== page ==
Godly sorrow brings repentance that leads to salvation and leaves no regret, but worldly sorrow brings death. 2 Corinthians 7:10
Thomas Watson (ca. 1620–1686) writes: “Repentance is a grace of God’s Spirit whereby a sinner is inwardly humbled and visibly reformed.”
So repentance is a “grace of God’s spirit.” Repentance is a gift from God and a result of godly sorrow.
“I will give you a new heart and put a new spirit in you; I will remove from you your heart of stone and give you a heart of flesh.” Ezekiel 36:26 (NIV)
Repentance is a heart, softened and a life turned. You know the 180 degree metaphor, right? That’s it! About face! Forward, march! Leave that sin behind and follow Christ!
The Prodigal son’s story is a beautiful example of true repentance – In his agony and sorrow, he humbled himself, went to his father and offered to work as a servant. Instead of condemnation, his father rejoiced to have his son back! The elder man gladly received him back into the family. That is how good our God is! That is grace, mercy and forgiveness…a result of true repentance!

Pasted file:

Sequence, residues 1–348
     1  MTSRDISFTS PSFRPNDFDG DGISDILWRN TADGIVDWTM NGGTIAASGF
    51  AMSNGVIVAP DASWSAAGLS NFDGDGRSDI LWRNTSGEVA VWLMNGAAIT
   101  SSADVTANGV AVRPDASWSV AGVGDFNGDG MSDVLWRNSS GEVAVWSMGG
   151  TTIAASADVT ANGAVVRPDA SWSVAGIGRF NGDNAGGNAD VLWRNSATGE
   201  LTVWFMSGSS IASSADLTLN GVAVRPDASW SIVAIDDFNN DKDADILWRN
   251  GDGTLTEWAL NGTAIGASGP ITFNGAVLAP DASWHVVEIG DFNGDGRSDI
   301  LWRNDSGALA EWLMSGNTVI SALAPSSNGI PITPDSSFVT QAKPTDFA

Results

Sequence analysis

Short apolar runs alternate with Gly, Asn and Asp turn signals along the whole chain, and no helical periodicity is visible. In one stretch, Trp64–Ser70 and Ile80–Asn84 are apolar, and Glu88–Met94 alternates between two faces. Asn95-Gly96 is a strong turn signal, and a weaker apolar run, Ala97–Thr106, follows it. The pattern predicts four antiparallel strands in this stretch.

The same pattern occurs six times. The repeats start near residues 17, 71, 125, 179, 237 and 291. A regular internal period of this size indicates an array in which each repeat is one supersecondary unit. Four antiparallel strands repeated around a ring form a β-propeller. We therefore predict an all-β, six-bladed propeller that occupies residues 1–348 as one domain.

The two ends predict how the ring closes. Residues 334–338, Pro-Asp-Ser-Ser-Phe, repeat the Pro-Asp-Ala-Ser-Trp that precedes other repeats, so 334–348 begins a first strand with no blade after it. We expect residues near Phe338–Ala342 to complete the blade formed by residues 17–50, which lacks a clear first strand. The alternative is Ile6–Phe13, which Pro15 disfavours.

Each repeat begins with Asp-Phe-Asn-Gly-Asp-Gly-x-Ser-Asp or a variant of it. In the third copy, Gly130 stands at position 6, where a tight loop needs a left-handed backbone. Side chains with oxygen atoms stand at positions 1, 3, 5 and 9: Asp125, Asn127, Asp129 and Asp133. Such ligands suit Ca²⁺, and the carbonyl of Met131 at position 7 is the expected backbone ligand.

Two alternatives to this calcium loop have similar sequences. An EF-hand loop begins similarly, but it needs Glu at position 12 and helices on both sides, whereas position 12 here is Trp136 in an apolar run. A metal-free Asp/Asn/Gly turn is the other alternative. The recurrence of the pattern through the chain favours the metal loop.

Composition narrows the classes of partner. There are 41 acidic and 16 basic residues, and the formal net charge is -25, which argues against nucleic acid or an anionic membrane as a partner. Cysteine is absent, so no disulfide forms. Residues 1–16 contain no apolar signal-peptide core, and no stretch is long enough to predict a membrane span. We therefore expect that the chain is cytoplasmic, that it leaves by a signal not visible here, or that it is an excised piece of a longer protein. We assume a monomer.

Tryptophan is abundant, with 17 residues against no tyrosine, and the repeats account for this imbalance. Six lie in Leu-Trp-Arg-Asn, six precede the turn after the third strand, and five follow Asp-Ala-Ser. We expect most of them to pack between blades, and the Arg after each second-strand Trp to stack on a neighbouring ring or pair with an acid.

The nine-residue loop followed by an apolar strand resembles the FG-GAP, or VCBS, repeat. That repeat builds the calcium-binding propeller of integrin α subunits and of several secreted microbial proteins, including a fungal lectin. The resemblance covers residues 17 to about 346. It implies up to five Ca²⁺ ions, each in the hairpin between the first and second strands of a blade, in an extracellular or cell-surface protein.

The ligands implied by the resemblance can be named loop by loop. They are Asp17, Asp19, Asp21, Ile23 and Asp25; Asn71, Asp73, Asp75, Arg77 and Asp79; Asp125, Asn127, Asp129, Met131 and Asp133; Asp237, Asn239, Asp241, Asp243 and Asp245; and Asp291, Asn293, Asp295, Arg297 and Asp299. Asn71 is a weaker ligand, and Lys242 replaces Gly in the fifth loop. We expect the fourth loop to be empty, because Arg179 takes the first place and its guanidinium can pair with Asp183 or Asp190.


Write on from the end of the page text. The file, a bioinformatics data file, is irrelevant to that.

One final look at repentance as a gift.
If you, then, though you are evil, know how to give good gifts to your children, how much more will your Father in heaven give good gifts to those who ask him! Matthew 7.11 (NIV)
15 Thanks be to God for his indescribable gift! 2 Corinthians 9:15, (NIV)